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EngD students with bioreactor

Extraordinary advances in the life sciences have great potential to improve our quality of life through better medicines, improved sustainability and a cleaner environment. Biochemical, biological and bioprocess engineering provide the foundations for translating such exciting new discoveries into products and processes for improved health and wealth creation. 

UCL was the founding laboratory of the discipline of Biochemical Engineering and established the first UK department.

It is now the largest international research centre with over 75% of staff rated as "World Leading" or "Internationally Excellent" in the last UK Research Assessment Exercise.

The CDT in Bioprocess Engineering Leadership provides a focus for cutting-edge, industry-collaborative research. Current doctoral programmes address fundamental bioprocess issues underpinning the UK bioprocess-using industries:

Industrial Biotechnology

This involves the synthesis of biorenewable chemicals and complex chiral pharmaceuticals via the integration of biocatalysis and chemistry with engineering to achieve greater selectivity and improved environmental sustainability.

Biopharmaceuticals

This involves the manufacture of biopharmaceutical human proteins, genes and vaccines addressing next generation therapies and important issues of global healthcare as part of the EPSRC Innovative Manufacturing Centre (IMRC) for Bioprocessing.

Regenerative Medicines

This involves interdisciplinary academic-industrial-clinical collaborations underpinning the bioprocessing of human cells and engineered tissues for therapy particularly in response to conditions associated with the ageing population in Western countries.

Research in each of the above areas is highly collaborative and includes major themes of micro biochemical engineering (including microfluidics and automation), biological engineering (including metabolic and protein engineering), fermentation and cell culture, downstream processing and formulation. Studies in each of these areas are underpinned by work on intelligent design of experiments and are integrated via whole bioprocess modelling and simulation.

Ultra Scale-Down Methods for Enhancement of Domain Antibody Recovery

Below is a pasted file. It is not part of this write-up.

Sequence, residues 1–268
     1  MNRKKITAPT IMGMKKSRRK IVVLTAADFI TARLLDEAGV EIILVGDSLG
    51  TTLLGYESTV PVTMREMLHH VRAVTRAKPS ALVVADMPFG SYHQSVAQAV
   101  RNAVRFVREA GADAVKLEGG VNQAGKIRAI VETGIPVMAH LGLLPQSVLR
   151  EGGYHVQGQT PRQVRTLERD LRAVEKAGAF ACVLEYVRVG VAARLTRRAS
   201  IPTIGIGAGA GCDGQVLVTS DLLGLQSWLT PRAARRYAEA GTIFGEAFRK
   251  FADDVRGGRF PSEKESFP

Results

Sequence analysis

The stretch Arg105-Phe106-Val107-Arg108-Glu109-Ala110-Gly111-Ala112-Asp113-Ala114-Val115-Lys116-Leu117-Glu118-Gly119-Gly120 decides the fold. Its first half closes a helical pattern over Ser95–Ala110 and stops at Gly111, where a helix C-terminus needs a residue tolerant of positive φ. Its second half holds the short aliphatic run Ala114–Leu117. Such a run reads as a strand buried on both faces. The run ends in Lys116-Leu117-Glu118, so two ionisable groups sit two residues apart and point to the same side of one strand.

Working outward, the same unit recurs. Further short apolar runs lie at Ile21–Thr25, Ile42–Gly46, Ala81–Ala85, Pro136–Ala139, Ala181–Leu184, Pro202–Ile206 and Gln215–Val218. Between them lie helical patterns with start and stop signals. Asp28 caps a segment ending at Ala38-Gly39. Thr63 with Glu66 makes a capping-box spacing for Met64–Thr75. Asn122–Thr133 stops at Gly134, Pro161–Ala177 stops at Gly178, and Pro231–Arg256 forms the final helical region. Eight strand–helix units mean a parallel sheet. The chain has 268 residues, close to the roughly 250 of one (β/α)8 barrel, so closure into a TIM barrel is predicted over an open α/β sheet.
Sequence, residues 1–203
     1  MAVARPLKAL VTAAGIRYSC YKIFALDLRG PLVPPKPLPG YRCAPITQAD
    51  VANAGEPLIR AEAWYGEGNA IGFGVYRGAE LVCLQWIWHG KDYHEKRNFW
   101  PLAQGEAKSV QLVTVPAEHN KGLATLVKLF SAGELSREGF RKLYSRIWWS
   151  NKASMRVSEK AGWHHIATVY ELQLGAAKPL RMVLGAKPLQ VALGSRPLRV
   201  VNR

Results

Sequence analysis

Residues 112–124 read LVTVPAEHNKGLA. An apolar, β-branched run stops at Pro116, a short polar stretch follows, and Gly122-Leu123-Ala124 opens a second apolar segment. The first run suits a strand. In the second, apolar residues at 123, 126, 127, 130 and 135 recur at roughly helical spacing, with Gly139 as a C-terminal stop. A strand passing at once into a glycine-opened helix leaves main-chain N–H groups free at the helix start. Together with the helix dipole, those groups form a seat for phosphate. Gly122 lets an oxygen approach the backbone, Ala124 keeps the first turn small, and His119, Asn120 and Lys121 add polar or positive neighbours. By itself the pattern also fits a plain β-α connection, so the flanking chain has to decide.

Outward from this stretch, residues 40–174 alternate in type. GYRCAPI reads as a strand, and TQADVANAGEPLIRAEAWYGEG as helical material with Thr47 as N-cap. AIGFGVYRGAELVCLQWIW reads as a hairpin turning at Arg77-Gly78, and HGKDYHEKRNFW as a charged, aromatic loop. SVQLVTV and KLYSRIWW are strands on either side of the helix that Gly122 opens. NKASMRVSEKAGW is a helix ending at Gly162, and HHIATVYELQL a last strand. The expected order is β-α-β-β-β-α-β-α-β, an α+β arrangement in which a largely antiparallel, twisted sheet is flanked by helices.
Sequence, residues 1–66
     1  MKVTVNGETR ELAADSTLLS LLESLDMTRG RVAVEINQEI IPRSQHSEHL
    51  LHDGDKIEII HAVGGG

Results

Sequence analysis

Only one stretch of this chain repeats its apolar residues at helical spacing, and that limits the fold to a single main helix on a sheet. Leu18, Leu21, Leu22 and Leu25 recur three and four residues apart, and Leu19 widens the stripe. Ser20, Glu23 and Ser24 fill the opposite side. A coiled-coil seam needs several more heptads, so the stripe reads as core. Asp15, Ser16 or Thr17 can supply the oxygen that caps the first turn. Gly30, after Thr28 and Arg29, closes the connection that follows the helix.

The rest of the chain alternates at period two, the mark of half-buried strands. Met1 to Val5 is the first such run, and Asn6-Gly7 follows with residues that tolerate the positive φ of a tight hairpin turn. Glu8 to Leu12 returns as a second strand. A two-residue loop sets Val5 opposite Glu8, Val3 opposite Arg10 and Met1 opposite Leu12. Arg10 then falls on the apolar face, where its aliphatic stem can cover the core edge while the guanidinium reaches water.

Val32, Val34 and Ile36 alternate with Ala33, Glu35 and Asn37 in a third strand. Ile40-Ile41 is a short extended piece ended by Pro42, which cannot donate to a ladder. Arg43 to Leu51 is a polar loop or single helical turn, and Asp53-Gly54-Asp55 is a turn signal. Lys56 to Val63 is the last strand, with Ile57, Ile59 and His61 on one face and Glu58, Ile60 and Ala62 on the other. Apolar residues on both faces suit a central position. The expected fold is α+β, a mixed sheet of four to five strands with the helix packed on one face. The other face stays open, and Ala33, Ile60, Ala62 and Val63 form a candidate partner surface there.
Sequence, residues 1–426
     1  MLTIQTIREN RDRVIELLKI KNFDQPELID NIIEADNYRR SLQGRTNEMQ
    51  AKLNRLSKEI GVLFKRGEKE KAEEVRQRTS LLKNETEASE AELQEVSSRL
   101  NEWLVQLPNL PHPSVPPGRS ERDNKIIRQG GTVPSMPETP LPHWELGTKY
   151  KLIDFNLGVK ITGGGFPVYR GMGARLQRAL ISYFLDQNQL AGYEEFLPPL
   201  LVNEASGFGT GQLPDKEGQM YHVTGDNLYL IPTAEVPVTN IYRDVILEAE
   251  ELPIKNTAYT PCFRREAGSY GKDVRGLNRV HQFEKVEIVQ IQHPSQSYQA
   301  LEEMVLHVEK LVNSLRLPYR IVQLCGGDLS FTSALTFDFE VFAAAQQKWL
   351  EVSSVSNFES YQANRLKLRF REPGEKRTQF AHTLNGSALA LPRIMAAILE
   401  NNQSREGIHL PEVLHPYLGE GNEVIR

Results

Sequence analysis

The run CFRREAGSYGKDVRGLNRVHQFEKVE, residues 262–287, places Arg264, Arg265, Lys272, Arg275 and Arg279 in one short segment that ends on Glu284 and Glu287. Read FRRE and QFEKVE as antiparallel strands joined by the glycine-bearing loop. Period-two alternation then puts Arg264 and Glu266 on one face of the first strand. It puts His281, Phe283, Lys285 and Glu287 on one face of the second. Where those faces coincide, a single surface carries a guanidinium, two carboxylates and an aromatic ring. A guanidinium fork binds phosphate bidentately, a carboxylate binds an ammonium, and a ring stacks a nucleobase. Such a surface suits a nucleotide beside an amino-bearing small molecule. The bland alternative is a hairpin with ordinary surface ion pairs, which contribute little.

Researcher: Alex Chatel

Graduated in 2014

Domain antibodies form a potential new class of therapy being developed by GSK. They are of low molecular weight (ca 12 to 15 kDa compared with 150 kDa for whole antibodies) providing scope for higher doses of the active molecular entity and greater access to therapeutic targets (e.g. tumours) in the patient. They may be produced in recombinant E.coli providing the opportunity for high titres in rapid fermentation operations. Ultra scale-down (USD) methods were used to create and characterise a novel, patented, flocculation process to greatly enhance domain antibody recovery.

Background: What Was the Problem Being Addressed?

In order to realise the potential for high productivity E.coli fermentations forming domain antibodies it is necessary to devise means for recovery at high yield from complex and very viscous fermentation broths. It is recognised that flocculation might achieve a rapid, low cost process for the selective removal by aggregation of sub-micron sized cell debris and precipitation of nucleic acids, colloidal proteins and endotoxin materials. In order to translate such an operation from the laboratory to industrial scale, the research objective was to examine the use of UCL USD methods to characterise how the flocculated material may best be recovered at full scale in high-speed, continuous-flow centrifuges imparting conditions of extreme shear stress to the material.

How Did the CDT Help?

The EngD project with GSK provided a first access for the CDT to a new class of protein therapeutics and the opportunity to develop novel operations of relevance to the future of the bioprocessing sector both for therapeutic molecules and for purification agents. The partnership also provided for GSK a first in-house application of UCL proprietary USD technology. This EngD project formed a pivotal part of a £1.3 m GSK-UCL Centre of Excellence in Bioprocessing providing access for the CDT researcher to advanced analytical resources at GSK and the ability to verify USD predictions at scale.

What Were the Project Outcomes?

The project created a novel USD approach to demonstrate how flocculation was able to treat difficult viscous suspensions containing significant proportions of sub-micron particulate materials capable of rapidly fouling expensive chromatography columns. The treated broth was demonstrated to be suitable for processing at full industrial scale in a high-speed continuous centrifuge without loss of the advantages gained by flocculation and resulting in greater than 200-fold reduction in carry-over of damaging particulate material. The research resulted in three key publications in leading refereed journals, two international conference presentations and a patent (WO2014118220 A1). The Research Engineer was subsequently employed on a £3m HEFCE Catalyst Fund award aimed at commercialisation of the USD devices.

Impact

  • A USD method has been created for the full characterisation and understanding of the potential for flocculation for the recovery of novel therapeutic targets and in particular domain antibodies from high cell density recombinant E.coli broths.
  • Granting of a patent (Method of producing a protein) to enable GSK to secure a future potential processing route i.e. for domain antibodies.
  • Enabled GSK to support a follow-on EngD project (McInally) to investigate complementary molecular biology routes to enhance domain antibody recovery as tested using the established UCL USD technology.
  • Enabled testing and verification of UCL USD technologies in a commercial context and helped lead to the formation of a UCL USD spin-out co-led by the EngD researcher.

Development of a Pressurised Transmural Decellularisation Method for GMP Manufacture of Tissue Engineered Tracheas

Researcher: Leanne Partington

Graduated in 2015